Sea levels will rise! By like a meter! (**In 3,830 years. Maybe. Assuming a million things happen.)

I subscribe to Climate Discussion Nexis, where they separate climate alarmism from climate reality every week in a newsletter, using actual science and actual logic and reason.

Here’s the latest in an ongoing statistical analysis they’ve been presenting, this time on Victoria BC. That’s another city that has formally declared a “climate emergency” by its left-wing woke mayor and council, despite being a town that pretty much relies on fossil fuels to fuel its tourism (and perpetually-traveling government)-based economy.


Our second stop on the CDN tour of seaside destinations in search of rising sea levels takes us to the city of Victoria, on the southern tip of Vancouver Island with the mighty Pacific Ocean lapping at its shores. Victoria, capital of the Canadian province of British Columbia, is what passes for a warm-weather holiday destination in Canada. And when you see this chart of Victoria’s annual mean sea level since 1980 you will understand why the government of British Columbia has long been on the vanguard of climate alarmism in Canada. Or not.

Over the past 40 years the sea level at Victoria has risen by about 0.26 mm per year, at which rate it will take about 3,830 years to rise one meter. Assuming the next ice age doesn’t happen first.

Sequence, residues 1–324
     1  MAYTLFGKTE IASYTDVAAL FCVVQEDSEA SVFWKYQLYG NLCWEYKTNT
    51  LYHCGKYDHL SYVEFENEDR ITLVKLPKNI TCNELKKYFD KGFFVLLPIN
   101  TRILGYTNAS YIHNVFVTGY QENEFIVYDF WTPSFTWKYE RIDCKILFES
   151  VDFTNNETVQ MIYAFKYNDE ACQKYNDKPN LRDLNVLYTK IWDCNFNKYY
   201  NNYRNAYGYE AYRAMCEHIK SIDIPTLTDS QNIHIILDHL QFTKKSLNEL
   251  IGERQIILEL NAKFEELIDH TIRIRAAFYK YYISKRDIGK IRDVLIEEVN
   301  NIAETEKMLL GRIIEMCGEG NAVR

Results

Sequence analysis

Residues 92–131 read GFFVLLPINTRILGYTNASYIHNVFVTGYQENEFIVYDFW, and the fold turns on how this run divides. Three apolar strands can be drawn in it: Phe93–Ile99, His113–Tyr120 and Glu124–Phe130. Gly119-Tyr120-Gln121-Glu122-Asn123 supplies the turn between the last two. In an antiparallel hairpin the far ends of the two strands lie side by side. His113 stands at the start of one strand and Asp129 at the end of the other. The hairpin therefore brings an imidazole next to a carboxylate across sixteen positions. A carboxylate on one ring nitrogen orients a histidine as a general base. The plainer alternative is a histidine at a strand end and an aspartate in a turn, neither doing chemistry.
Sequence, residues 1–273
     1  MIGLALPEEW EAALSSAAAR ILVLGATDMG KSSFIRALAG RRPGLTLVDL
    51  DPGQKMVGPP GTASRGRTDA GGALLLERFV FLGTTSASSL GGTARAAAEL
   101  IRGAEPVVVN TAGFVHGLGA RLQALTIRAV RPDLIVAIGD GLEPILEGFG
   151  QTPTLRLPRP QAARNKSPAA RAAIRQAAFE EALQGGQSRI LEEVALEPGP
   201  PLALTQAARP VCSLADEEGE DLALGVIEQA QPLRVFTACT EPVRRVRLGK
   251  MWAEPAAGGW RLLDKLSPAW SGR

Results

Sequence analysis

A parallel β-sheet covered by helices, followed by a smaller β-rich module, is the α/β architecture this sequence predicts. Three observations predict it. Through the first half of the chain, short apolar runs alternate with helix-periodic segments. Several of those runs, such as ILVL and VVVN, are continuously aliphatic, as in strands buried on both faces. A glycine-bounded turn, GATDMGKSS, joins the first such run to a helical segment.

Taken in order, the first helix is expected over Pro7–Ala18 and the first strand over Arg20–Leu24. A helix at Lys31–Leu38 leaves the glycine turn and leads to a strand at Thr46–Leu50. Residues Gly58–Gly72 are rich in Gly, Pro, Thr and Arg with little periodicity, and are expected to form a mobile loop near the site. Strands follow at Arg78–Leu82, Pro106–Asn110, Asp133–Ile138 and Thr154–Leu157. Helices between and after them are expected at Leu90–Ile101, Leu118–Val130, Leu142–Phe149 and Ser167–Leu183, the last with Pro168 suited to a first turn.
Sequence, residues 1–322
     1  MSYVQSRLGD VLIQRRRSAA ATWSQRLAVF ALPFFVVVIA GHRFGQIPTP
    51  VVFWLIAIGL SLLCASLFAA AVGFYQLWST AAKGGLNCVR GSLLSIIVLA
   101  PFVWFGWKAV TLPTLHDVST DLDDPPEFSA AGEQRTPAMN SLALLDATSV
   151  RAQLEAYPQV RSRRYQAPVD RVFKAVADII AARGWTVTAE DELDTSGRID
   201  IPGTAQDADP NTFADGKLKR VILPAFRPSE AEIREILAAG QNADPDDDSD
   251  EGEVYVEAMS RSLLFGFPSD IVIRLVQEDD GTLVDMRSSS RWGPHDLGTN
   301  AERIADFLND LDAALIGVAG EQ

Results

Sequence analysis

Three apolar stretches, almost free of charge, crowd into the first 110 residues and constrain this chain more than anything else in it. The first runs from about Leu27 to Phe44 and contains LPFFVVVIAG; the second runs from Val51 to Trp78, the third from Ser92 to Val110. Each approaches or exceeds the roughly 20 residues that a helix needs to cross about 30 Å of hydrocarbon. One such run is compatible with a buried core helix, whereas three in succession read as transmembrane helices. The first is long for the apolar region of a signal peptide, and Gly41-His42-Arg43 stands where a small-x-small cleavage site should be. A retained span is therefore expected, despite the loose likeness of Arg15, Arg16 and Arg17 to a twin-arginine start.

If you’re one of those short-sighted people who thinks in terms of centuries rather than millennia, over the next 100 years the sea level at Victoria will rise by about 2.6 centimeters, which on the San Juan Islands just east of Victoria would be one inch. And if you think one inch of seawater is an existential threat, you shouldn’t be living near the shore. Or arguably without adult supervision anywhere.

P.S. As always for this series our data source is the Permanent Service for Mean Sea Level in Liverpool UK. 

Don’t imagine this example is unique and that’s why I chose it. They’re all much like this.

While you’re at it, don’t miss this video explainer about The Little Ice Age, which we’re mercifully warming from now: “Big Trouble In The Little Ice Age.”

Joel Johannesen
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